Rattlesnake Cage

February 18, 2014 | Format: MP3

$8.99
Also available in CD Format
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3:02
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4:06
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2:33
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3:18


Product Details

  • Original Release Date: February 18, 2014
  • Label: Black Hen Music
  • Copyright: (c) 2013 Black Hen Music
  • Total Length: 41:26
  • Genres:
  • ASIN: B00HAHAM4U
  • Average Customer Review: 5.0 out of 5 stars  See all reviews (1 customer review)
  • Amazon Best Sellers Rank: #60,954 Paid in Albums (See Top 100 Paid in Albums)

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Most Helpful Customer Reviews

1 of 1 people found the following review helpful By Stuart Jefferson TOP 100 REVIEWER on June 18, 2014
Format: Audio CD Verified Purchase
Fans of Leo Kottke's early albums (especially the "Armadillo" album), this is something you need to hear. Reminiscent of that album, this too is an all instrumental set, close mic'd, for a full, rich "up close" sound. There's no "effects", no overdubbing, just the sound of one guitar and the use of an occasional slide to add some spice. The sound is very good--crisp and clean without any harshness and/or distortion. Similar to the "Armadillo" album, the close mic-ing picks up the full, rich, warm sound--nothing is hidden. Turn the volume up a bit and you'll hear what I mean. My rating may be slightly biased because I've been listening to Fahey, Kottke, and Lang since the long ago days of record stores/vinyl albums. To my ears no one has surpassed what they did all those years ago. But players like Dawson are keeping that whole sound and approach alive in the present. So approach my review knowing that.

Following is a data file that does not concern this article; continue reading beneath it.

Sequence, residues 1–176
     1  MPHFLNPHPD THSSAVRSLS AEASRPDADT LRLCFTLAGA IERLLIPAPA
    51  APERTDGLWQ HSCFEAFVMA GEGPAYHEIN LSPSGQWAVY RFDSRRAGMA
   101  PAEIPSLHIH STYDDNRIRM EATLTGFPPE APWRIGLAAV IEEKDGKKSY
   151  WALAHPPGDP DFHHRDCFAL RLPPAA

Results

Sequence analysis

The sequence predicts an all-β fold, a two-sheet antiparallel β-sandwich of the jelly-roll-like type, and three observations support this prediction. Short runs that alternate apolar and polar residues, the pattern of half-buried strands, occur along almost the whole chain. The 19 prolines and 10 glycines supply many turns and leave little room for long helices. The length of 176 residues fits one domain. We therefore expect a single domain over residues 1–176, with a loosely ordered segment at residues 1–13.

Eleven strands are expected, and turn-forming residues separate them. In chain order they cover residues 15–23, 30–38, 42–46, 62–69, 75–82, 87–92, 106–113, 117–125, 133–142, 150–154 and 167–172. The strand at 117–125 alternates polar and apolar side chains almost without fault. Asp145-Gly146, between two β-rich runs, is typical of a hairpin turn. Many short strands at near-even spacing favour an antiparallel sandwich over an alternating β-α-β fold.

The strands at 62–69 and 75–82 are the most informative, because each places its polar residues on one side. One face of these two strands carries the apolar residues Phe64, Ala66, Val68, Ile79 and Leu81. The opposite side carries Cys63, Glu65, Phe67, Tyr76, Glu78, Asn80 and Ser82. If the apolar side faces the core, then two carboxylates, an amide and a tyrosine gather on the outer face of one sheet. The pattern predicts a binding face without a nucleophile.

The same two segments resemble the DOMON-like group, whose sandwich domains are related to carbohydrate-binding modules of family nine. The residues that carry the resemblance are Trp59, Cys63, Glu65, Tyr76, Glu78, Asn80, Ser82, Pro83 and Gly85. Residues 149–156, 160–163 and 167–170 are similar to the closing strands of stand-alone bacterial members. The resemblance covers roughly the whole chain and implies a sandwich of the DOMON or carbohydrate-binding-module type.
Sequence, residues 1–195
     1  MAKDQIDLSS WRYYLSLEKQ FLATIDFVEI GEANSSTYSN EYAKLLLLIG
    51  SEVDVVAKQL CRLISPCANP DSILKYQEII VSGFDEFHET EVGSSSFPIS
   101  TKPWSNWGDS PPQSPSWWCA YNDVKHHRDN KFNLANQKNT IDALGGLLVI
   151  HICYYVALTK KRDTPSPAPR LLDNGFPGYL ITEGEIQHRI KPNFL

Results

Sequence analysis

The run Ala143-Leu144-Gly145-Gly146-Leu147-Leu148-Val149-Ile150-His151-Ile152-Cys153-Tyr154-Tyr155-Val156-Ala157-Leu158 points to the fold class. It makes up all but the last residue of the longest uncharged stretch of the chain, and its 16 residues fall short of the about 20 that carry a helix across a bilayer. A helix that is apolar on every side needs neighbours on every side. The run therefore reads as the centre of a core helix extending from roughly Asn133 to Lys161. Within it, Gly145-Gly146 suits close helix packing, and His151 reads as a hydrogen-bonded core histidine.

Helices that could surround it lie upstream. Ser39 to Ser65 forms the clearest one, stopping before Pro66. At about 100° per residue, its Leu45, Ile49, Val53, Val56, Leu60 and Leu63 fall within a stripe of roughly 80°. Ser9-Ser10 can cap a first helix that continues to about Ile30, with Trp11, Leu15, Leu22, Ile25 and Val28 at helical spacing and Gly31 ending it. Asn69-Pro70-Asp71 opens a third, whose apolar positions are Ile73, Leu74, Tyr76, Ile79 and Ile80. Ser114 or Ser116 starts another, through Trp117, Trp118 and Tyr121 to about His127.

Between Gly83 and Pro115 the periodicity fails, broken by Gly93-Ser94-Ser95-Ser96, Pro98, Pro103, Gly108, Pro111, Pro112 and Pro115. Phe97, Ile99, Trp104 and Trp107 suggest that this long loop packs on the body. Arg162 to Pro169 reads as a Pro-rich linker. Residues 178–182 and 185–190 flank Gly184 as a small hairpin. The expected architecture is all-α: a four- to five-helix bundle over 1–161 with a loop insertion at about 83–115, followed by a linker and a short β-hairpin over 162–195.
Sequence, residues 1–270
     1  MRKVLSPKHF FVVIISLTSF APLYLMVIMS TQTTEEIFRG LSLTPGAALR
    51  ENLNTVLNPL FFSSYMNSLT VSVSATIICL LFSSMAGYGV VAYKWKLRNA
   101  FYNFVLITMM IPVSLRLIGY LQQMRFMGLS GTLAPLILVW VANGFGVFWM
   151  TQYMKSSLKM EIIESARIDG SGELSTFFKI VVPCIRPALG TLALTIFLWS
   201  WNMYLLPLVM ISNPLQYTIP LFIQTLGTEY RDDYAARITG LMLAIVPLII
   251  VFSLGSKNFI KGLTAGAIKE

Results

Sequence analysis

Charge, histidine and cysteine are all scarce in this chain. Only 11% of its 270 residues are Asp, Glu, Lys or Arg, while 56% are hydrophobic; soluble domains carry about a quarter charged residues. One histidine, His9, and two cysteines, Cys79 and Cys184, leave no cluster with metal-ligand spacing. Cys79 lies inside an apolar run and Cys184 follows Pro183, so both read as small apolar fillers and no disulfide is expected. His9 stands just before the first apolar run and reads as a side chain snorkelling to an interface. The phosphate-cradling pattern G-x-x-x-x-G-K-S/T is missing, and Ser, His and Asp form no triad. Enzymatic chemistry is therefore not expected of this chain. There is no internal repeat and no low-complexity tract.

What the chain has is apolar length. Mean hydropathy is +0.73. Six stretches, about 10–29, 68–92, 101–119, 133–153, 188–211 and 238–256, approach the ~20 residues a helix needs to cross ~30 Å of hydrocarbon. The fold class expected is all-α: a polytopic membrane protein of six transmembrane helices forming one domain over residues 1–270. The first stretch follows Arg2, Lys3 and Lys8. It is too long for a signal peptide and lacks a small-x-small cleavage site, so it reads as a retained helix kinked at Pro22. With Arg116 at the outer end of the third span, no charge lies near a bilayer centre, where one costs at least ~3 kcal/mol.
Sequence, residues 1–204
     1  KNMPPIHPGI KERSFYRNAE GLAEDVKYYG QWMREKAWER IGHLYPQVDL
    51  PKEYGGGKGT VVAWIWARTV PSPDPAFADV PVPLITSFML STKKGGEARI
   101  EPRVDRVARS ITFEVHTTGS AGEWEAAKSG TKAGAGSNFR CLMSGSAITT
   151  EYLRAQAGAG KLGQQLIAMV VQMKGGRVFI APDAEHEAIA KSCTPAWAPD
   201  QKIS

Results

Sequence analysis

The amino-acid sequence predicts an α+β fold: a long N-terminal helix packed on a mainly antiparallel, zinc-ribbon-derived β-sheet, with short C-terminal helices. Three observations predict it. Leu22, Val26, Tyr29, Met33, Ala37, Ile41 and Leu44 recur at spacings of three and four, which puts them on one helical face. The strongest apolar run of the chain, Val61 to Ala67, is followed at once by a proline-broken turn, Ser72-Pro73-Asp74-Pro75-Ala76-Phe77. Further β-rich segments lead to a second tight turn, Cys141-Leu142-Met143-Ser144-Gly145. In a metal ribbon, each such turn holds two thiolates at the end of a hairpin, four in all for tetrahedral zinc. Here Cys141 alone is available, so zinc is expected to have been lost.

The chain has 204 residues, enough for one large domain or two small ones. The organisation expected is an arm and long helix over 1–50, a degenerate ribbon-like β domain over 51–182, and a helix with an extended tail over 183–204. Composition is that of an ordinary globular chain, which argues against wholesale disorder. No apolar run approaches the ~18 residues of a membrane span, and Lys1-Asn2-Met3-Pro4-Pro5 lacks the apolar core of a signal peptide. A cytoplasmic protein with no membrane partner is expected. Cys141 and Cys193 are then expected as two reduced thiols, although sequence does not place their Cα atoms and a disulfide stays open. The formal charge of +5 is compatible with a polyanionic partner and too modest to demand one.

Steve Dawson is still relatively unknown, but this album should change that. Reminiscent of earlier work by Kottke, Lang, and Fahey, with this album Dawson is continuing in the tradition known as "American Primitive" guitar playing. I dislike labels because they're so limiting. In Dawson's music you'll hear blues, folk, country, ragtime, and some slightly undefinable pieces of styles all mixed into one rich, full, assured style. His playing is concise, clean, and assured, His judicious use of a slide means he doesn't use it as a crutch or to hide slopping playing. When a tune calls for some slide, it's there and then it's gone, bringing his youthful (sadly I'm at that stage of life where I can use that term), exciting, note choice and picking to the fore.
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